Spring Gardening In March


The first month of spring has arrived at last, and the garden slowly starts to come to life after a long and very wet winter. As the weather improves and the soil warms, nature is stirred into action and the start of spring is here.
March weather can be very mixed with blue skies and mild sunshine one day, followed the next day by a hard frost, so always listen to your local forecast. During the brighter spells this month you can mulch, prune and take cuttings. Gardening is good exercise, a great stress buster to work off those winter blues, and can certainly clear out the cobwebs, but remember strenuous jobs such as digging should be done in short spells, to prevent harming your back start with 30 minutes before switching to another job with less bending.


Your spring bulbs will have been planted in autumn. For a mass of colour, bulbs need to be planted in groups of nine or eleven throughout your borders and flower beds.
Cheerful daffodils and early tulips are an uplifting sight at this time of year. A dwarf variety of Narcissus grows to about 15cm (6 inches) and is ideal for a rock garden, patio containers and window boxes and has the advantage it can withstand windy conditions. Deadhead daffodils as the flower fade, pinch off the head and leave the stem intact. If the old flowers are left on, the plant’s energy will be used for seed production. At this time, it is important to build up the bulb’s reserves so that a new flower bud forms inside it for flowering next spring. Leave bulbs in the ground for six weeks to die down naturally before either digging out, or mowing if the bulbs are under grass.

This month is the time to prune your roses according to type, cutting to an outward facing bud. Complete by feeding and mulching.

HYBRID TEA ROSES – Cut back the main stem to 20-30cm (8-12 inches) above ground level.

FLORIBUNDA ROSES – Should be cut back less than the hybrid tea rose. Reduce to about a third of the length, and retain strong side shoots to around 15cm (6 inches)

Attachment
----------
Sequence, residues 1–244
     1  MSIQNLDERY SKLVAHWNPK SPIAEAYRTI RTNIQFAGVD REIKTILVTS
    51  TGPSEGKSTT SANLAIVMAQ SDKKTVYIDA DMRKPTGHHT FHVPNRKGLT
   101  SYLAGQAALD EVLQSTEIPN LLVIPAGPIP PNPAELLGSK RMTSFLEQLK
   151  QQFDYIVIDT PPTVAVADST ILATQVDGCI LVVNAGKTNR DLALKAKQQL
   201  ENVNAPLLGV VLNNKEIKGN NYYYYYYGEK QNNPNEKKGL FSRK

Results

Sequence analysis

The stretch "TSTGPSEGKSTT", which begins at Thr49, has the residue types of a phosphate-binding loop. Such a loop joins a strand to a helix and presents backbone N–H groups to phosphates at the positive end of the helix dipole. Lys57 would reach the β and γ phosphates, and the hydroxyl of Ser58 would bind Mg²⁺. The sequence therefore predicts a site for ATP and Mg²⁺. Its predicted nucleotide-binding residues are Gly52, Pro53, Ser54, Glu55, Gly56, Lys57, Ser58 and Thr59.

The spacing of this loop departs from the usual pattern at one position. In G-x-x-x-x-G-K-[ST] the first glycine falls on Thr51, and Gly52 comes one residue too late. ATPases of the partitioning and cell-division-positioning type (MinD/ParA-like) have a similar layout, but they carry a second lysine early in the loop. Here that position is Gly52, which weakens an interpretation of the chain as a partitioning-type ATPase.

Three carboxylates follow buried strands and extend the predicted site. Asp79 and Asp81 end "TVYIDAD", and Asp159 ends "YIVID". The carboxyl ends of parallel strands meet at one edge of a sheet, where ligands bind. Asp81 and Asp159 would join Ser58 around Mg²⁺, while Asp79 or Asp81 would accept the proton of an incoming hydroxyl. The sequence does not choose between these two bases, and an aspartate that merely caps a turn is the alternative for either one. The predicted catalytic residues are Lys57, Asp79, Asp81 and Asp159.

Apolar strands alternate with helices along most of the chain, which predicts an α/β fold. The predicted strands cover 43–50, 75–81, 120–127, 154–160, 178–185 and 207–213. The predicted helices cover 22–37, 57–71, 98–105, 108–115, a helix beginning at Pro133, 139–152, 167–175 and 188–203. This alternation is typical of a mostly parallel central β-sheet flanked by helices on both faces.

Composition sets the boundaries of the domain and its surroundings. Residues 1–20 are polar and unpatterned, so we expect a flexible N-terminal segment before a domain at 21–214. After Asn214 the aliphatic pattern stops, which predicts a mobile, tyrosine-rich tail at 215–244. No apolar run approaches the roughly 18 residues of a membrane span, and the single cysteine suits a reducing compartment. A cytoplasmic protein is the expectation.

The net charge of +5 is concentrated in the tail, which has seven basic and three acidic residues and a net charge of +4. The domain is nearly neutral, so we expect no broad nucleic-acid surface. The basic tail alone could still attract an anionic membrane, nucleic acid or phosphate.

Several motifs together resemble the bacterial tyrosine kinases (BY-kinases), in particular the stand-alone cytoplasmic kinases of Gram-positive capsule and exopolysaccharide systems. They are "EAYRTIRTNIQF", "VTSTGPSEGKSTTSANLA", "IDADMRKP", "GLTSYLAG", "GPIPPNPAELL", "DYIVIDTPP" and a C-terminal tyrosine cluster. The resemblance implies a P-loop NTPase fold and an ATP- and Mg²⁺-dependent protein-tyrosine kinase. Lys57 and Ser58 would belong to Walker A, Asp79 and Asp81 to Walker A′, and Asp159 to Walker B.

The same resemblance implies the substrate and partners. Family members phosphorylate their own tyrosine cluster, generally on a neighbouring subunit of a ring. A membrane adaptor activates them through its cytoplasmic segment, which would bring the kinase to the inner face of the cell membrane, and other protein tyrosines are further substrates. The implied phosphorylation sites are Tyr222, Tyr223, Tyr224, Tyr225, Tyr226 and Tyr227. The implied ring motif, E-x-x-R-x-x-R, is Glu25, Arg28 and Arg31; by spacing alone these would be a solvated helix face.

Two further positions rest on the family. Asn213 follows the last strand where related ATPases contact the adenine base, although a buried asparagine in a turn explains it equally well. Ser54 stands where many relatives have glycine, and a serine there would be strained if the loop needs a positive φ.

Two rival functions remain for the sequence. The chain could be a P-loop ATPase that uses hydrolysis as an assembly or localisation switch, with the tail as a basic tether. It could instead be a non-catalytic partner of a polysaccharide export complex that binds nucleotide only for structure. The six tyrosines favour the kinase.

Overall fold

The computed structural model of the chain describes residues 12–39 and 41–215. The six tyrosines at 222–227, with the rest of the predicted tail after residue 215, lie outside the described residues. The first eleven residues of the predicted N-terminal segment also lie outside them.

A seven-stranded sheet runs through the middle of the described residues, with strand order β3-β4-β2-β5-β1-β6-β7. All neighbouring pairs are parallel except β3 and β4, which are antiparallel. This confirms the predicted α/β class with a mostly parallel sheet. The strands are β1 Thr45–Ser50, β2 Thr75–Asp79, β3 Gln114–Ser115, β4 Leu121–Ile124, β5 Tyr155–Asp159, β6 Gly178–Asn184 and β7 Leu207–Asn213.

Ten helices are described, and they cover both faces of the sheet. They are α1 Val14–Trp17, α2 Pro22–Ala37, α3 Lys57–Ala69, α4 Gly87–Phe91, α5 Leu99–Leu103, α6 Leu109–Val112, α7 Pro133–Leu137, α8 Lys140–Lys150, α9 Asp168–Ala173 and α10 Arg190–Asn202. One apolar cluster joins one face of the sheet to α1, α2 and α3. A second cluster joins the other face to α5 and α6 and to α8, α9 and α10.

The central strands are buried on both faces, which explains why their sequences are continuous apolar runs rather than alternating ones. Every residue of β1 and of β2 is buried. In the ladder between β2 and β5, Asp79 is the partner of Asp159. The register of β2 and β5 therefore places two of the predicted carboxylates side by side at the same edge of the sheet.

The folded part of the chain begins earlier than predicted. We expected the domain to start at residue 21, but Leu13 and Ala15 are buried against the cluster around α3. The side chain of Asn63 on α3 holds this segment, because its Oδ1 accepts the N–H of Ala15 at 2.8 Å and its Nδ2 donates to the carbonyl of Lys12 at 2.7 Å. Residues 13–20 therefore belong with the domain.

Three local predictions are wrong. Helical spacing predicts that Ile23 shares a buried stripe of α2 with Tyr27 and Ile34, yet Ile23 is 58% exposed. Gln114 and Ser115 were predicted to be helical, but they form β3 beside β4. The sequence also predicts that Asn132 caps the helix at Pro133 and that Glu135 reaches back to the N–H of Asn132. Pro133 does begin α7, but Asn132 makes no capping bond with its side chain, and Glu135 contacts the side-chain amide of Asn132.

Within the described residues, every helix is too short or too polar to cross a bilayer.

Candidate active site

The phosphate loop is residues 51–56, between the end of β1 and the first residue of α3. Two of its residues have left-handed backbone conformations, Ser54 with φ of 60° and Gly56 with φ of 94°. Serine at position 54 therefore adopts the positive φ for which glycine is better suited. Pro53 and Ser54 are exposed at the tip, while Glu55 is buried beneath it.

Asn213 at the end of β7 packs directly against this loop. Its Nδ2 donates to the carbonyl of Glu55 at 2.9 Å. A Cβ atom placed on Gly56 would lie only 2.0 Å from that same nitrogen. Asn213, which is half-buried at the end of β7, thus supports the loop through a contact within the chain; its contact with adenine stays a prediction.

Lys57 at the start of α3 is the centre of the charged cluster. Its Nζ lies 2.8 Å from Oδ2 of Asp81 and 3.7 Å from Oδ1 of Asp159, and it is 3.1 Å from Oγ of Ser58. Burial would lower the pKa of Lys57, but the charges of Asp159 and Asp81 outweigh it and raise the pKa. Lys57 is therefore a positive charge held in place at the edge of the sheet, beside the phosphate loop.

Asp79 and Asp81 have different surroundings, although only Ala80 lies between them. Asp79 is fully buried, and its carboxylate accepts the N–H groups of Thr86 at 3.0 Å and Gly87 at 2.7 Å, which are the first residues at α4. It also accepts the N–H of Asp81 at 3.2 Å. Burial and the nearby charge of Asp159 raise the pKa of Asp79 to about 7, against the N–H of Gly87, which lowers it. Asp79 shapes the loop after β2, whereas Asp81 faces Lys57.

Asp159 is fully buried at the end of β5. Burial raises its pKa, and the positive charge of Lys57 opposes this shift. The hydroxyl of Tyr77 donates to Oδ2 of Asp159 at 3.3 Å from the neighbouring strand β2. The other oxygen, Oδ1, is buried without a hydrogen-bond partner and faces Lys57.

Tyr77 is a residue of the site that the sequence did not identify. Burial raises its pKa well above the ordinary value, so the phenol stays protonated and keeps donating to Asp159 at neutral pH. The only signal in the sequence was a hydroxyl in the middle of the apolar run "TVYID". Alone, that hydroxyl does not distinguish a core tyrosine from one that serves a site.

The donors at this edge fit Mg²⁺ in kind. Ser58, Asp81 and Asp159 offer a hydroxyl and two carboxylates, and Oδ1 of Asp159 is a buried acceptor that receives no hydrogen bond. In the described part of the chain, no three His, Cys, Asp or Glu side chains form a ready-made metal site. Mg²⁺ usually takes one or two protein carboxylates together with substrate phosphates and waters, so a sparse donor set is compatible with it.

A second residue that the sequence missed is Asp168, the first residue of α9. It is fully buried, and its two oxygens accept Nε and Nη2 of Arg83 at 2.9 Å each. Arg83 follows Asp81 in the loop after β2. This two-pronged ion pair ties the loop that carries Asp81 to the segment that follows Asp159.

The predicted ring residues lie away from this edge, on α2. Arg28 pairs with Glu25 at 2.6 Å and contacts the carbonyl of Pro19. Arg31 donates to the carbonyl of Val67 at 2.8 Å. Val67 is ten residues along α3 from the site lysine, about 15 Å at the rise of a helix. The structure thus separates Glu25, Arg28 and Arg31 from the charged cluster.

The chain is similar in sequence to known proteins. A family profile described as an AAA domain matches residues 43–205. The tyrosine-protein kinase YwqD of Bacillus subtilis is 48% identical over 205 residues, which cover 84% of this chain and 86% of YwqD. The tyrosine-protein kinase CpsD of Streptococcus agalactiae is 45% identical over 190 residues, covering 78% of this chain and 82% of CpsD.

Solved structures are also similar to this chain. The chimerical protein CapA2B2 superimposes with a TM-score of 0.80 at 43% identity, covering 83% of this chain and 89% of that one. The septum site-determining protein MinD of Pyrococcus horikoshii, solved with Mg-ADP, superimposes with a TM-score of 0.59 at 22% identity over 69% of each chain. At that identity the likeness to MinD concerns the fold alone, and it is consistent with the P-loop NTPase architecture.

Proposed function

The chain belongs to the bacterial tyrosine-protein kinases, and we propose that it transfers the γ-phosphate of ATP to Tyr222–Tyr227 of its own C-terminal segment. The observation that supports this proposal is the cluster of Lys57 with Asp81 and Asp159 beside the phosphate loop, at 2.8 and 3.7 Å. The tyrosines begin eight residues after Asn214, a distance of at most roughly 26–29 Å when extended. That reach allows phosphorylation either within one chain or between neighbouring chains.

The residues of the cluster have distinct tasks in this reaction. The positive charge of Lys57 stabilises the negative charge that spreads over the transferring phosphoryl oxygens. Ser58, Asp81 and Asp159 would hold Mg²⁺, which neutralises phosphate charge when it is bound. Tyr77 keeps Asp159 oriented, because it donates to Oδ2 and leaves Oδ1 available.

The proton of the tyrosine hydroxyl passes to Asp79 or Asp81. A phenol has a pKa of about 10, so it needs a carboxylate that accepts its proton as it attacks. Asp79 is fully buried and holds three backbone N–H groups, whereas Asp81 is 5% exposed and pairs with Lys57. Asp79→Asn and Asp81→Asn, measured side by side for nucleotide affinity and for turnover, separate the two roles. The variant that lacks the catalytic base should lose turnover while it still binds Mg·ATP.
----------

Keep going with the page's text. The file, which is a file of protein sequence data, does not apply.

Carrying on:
SHRUB ROSES – Cut away weak and damaged stems. Remove several centre branches at base level to open up the bush. Shorten other shoots by about one third.

CLIMBING AND RAMBLER ROSES – Prune in late summer/autumn (after flowering) if pruned in spring these will not flower until the following year. Cut back side branches and tie in strong new shoots across and not in an upward direction.

MINIATURE/PATIO ROSES – Generally cut out any dead or twiggy growth periodically.


The lawn is an important part of your outdoor space. It gives a sense or tranquil elegance and
maturity to your garden, it is a wonderful compliment to the shrubs and flower beds, and a useful entertaining and recreational area for all the family.

By adopting a programme of routine maintenance, your lawn will remain looking good throughout the year. In March the grass will start to steadily grow, and as the temperature rises and the rainfall eases it is surprising how the lawn will recover. In drier conditions lightly rake over the grass to remove the debris of winter. Regular mowing will keep your grass in good condition. Next month’s issue will feature repairing damaged patches of lawn, as well as laying a new lawn from seed and turfing. Due to the exceptional wet weather over recent weeks, you may need to delay the start of your lawn care routine until April, when our new Garden section returns with more information and advice to help make the most of your garden throughout the summer months.

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